Any sort of engine, what does it do?
So in a 8 cylinder enginer its called 9th injector? Is it applicable only to turbocharges/supercharged?


Not necessarily. More commonly, a 9th (or 7th, or 5th) injector is also used as a "CSI" aka Cold Start Injector.... OE on Honda, Toyota, GM, etc. Is mounted somewhere in the plenum where it can feed all cylinders, and is operated when the engine is cold and rich FAR is required. As the engine warms up (or times out) the auxiliary injector is shut off. (May only work when the engine is cranking or for a few seconds upon startup.) Same function as the auxiliary injector on a boosted engine, but is operated when the engine is cold instead of under boost.

Auxiliary injector schemes arose because electronic fuel injectors tend to be more accurate when their fuel delivery is confined to a narrow range. Beyond around 80 percent duty cycle their flow loses linearity and the accuracy goes away. Also, the larger the delta the more expensive an injector tends to be, requiring better parts, more precise assembly, higher rejection rates, etc. So the auxiliary injector became the more precise and cost-effective solution. Especially on aftermarket kit-type stuff as one auxiliary injector is cheaper than an entire set of often-expensive upgraded injectors.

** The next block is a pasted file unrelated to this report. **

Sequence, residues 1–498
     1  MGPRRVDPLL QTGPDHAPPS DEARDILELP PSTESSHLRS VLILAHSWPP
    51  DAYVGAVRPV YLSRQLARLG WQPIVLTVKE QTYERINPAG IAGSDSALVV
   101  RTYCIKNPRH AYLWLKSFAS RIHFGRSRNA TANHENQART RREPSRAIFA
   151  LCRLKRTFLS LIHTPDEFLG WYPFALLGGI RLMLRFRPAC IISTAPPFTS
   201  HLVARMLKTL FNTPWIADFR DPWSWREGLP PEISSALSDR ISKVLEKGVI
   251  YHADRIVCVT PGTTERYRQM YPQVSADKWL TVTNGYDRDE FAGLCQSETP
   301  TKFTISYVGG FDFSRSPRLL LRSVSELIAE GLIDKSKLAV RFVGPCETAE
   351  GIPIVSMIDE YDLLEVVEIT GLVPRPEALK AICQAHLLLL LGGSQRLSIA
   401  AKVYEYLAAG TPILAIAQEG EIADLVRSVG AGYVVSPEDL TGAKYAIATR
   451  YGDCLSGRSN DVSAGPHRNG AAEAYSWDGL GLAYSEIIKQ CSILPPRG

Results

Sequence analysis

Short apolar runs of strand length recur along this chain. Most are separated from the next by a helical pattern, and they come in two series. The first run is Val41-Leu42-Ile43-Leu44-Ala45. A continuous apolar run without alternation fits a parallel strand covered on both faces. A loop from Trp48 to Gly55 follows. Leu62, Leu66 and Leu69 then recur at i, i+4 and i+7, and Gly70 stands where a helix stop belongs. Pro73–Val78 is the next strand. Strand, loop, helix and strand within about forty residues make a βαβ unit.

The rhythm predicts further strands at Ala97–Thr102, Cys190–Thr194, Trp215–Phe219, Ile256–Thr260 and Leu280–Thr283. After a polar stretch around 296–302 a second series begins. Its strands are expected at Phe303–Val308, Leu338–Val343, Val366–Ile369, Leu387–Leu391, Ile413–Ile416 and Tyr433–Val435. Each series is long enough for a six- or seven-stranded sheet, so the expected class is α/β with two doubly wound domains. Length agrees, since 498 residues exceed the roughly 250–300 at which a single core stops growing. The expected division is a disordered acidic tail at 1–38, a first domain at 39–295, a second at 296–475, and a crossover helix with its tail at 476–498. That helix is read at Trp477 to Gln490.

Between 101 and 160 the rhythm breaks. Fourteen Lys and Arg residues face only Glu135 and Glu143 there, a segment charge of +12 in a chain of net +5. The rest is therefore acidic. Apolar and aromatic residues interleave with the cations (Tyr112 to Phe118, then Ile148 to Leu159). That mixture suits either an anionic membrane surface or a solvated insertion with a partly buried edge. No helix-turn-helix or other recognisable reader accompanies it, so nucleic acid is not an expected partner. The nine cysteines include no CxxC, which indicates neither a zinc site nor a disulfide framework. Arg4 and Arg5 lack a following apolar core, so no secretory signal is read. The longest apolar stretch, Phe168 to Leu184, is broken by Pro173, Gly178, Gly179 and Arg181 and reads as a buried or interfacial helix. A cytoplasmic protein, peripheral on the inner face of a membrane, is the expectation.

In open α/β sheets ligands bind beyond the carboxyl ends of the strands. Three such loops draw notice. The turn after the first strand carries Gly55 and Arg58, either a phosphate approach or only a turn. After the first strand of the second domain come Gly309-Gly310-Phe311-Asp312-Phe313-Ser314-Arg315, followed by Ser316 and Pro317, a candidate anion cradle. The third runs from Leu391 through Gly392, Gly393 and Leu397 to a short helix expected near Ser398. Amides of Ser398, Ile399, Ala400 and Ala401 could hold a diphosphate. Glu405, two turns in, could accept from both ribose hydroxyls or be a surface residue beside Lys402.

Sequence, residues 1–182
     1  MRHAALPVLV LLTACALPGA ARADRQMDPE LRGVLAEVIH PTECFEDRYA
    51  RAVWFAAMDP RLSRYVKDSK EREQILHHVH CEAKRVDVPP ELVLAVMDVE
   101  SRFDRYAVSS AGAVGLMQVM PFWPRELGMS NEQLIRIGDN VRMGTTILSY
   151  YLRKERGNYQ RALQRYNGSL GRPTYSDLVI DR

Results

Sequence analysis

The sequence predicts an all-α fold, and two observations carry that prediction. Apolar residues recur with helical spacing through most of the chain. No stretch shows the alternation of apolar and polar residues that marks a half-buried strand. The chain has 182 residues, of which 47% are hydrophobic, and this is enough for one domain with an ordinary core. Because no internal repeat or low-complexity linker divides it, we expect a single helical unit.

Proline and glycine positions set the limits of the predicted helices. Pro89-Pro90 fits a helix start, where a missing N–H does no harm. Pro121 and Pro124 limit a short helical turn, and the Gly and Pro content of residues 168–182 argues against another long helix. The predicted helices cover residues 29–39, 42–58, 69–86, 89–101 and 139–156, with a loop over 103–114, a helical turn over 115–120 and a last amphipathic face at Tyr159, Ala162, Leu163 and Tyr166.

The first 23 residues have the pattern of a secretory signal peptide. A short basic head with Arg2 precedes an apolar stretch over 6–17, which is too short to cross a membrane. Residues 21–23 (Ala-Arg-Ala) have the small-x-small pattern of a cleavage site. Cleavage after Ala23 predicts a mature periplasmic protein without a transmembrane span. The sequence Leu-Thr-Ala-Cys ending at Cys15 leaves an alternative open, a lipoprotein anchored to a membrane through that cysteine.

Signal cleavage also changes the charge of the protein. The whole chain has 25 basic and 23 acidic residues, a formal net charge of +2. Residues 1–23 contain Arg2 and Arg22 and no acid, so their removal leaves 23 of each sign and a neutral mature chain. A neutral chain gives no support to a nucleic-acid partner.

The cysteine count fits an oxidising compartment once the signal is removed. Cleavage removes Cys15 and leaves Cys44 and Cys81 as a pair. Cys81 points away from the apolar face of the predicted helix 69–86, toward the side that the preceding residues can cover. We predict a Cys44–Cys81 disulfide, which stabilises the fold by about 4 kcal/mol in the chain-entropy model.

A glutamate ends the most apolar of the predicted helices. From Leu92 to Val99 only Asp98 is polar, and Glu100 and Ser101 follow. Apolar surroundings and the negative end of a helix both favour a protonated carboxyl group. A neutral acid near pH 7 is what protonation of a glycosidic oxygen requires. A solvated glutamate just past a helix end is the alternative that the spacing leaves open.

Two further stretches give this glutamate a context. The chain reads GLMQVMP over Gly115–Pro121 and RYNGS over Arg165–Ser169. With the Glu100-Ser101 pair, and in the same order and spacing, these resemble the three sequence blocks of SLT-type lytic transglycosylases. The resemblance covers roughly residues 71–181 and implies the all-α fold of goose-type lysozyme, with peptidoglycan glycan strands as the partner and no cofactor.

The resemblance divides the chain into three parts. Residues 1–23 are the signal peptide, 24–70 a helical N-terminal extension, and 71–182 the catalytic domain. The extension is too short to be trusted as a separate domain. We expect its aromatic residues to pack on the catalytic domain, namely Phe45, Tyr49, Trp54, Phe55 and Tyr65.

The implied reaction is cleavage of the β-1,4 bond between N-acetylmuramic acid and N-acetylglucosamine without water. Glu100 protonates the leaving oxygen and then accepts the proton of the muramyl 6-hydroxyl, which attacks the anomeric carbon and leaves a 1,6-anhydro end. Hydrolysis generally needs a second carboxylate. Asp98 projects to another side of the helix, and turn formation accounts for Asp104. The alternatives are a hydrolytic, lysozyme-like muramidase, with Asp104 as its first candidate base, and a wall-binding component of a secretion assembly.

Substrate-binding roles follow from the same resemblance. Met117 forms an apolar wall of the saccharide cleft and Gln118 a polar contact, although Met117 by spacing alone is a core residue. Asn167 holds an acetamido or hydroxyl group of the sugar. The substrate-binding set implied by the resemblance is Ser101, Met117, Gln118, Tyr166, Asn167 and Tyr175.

Some years back there were race engines that used two complete sets of injectors because one set that would feed one engine properly was too expensive and troublesome. With a pair of injectors per cylinder they could use production injectors straight off the shelf and still obtain better fuel management. Also employed on nitrous oxide systems where lots of extra fuel is required to feed the additional oxygen.